If you’re still harboring any doubts about what Jamal Murray could possibly have left in the tank after four overtimes, come closer. Larry Blunt wants to tell you a story.
Murray’s 16. He turns up at the Saint James tourney in Washington, D.C. with a broken finger. En route to the first game, Murray somehow manages to get that same broken finger slammed into a car door.
“He refused to not play,” says Blunt, who coached the Nuggets’ backcourt star in his high school salad days at Orangeville (Ontario) Prep. “Refused. It would’ve taken an act of God and then Congress to prevent him from playing.”
Murray’s 16, dribbling with nine good digits and a splint. He hits a game-winner from three-quarters court at the buzzer.
“If I had to go into a dark alley and I had to put my money into some guy finding a way to come out, I don’t think I want to be in a dark alley with him,” Blunt laughs. “I would be willing to bet everything I own on the fact he was going to get out of there.”
There have been darker alleys than Game 4 for the Nuggets Sunday against the Blazers, but few more desperate. Without Murray’s 34 points and nine rebounds late Friday night, the Nuggets don’t send Game 3 of the NBA’s Western Conference semis into overtime. And yet without Murray’s four turnovers, three coming in the extra periods, the Portland Trail Blazers probably don’t pull out a 140-137 four-OT victory, taking a 2-1 series lead.
“Lots to learn about that game,” Murray would say later. “I’ve got to be better.”
The kid who played through the broken finger is 22 now, still learning, still climbing, still battling. Despite a bum shoulder and a badly bruised thigh, some 10 games into his first NBA postseason, the 6-foot-4 Murray has bettered his regular-season averages in postseason scoring (20.5 points per game versus 18.2) and field-goal percentage (.444 versus .437).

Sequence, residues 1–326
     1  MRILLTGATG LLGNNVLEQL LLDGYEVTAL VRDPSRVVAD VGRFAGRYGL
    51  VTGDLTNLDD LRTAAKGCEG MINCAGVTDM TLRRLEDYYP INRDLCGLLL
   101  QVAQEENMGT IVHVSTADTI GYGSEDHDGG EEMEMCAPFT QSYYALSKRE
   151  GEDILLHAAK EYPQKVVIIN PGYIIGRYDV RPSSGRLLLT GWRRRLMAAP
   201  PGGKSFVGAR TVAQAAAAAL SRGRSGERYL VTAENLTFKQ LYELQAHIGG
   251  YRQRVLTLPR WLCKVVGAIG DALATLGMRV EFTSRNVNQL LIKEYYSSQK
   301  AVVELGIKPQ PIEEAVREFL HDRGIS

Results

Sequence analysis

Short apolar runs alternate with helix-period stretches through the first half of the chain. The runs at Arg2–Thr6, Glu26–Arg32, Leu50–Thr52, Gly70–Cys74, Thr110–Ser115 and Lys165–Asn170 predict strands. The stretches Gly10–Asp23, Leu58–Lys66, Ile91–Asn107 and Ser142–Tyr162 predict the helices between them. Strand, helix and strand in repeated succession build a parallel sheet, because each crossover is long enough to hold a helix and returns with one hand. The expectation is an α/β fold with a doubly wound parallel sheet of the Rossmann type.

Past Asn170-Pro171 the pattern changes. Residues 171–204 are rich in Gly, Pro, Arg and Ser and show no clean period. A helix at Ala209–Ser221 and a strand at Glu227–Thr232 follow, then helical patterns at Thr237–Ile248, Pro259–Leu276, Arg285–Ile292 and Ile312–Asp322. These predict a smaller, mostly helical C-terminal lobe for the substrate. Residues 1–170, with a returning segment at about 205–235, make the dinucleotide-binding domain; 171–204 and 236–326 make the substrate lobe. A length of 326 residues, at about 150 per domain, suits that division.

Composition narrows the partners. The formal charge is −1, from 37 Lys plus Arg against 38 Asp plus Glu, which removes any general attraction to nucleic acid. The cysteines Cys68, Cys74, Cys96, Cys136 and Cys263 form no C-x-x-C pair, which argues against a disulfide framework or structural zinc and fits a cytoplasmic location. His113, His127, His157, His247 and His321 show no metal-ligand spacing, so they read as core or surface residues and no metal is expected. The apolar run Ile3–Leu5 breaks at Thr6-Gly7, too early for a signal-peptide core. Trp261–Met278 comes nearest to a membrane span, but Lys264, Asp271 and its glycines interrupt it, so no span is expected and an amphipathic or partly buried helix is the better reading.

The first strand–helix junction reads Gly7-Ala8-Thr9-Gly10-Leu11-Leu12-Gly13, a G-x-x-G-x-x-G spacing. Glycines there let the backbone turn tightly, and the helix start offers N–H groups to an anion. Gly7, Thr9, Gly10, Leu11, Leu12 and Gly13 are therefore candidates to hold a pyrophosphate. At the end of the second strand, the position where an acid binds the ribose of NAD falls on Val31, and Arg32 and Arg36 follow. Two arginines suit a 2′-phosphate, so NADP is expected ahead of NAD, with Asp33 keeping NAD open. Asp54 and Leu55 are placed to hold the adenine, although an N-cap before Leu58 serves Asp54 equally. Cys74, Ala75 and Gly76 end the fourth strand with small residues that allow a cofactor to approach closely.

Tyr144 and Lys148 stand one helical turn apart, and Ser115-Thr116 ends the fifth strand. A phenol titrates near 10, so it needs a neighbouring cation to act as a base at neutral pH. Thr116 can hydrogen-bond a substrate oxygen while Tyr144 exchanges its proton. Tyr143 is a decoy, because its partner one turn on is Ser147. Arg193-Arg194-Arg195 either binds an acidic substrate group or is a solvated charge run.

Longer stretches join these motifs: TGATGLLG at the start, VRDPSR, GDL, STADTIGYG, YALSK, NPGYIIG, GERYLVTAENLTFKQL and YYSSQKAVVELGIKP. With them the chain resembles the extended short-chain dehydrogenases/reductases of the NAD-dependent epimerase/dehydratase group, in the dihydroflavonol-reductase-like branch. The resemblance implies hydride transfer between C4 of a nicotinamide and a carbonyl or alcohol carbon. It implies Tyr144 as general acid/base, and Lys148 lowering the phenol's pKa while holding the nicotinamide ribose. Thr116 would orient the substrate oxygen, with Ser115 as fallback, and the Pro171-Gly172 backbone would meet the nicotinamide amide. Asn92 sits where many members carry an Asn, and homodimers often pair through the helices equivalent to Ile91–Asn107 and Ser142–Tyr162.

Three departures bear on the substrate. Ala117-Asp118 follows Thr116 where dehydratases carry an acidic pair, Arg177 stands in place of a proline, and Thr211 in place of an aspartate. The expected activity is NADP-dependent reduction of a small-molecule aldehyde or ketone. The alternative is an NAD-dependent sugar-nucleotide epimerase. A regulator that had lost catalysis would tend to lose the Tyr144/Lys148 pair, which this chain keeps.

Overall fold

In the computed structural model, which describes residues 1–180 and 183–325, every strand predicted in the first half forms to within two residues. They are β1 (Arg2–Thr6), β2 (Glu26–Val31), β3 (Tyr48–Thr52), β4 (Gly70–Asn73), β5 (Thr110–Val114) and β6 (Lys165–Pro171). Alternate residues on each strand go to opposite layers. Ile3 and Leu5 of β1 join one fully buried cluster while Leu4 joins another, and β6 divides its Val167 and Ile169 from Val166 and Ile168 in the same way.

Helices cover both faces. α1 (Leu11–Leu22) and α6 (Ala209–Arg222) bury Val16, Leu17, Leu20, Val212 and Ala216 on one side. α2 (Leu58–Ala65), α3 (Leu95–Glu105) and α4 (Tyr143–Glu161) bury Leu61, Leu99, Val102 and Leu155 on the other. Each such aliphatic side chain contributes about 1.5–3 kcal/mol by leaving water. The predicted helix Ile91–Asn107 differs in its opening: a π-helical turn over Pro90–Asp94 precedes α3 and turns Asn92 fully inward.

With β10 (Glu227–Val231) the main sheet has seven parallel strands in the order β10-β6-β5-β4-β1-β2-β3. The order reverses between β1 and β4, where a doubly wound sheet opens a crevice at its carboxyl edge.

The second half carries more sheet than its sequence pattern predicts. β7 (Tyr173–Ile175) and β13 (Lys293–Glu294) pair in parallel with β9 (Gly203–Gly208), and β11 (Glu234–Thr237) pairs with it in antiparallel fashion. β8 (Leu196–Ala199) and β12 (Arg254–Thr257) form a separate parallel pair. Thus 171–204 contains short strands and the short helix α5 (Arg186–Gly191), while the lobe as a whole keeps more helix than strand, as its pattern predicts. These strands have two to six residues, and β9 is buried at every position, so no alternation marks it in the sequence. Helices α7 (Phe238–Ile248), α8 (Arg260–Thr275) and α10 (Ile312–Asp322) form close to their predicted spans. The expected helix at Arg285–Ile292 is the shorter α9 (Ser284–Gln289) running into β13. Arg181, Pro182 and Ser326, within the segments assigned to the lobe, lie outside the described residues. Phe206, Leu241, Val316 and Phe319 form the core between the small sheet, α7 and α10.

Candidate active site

But, for better or worse, we define our guards by the hearts they break on the biggest stages, by the blood the daggers leave behind. Dame waving the Thunder good-bye in a first round playoff series. Billups from half-court against the Nets in 2004. Iverson over Tyronn Lue in 2001. Kobe over Bruce Bowen in 2008. Jordan over everybody.
“Early on, I felt like he was maybe pushing the issue a little bit,” teammate Torrey Craig says of Murray. “But now he’s just settled down and he looks very comfortable out there.
“I feel like he figured it out. First playoffs, he’s still a young kid. He’s a great player at the same time. Great players figure it out. Great players always figure it out.”
Great players find a way to get the last word. One minute, Murray makes your heart dance. The next, he’s stomping on it. One minute, he’s draining step backs over 6-foot-11 Enes Kanter. The next, he’s fiddling with his shoe.
Lots to learn. Sometimes, the hard way.
“He was hesitating in Game 1 (against San Antonio) to take the mid-range shot they were giving him,” former NBA guard and current TNT analyst Jason Terry says of Murray’s postseason run. “But as you watch the film, you could see in Game 2, he was much more aggressive and assertive. And if you watch (Game 3 in Portland), it was the same thing: He came out and he knew what the defense was giving him, and make or miss, he took the shots that were presented.
“I think (he’s been) pretty good for a first-time playoff participant. In the games that he’s played well, they’ve won. In the games where he hasn’t shot the ball well, they’ve lost. Winning the first series (versus the Spurs) was huge, and a lot of that depended on his play.”
In the first three games of the Spurs series, Murray averaged 15.6 points, 2.0 assists and 2.0 per contest. The nadir was Game 3 at the AT&T Center, when San Antonio harassed him into just six points and four turnovers in the Spurs’ 118-108 victory, giving the 7 seed a 2-1 series lead.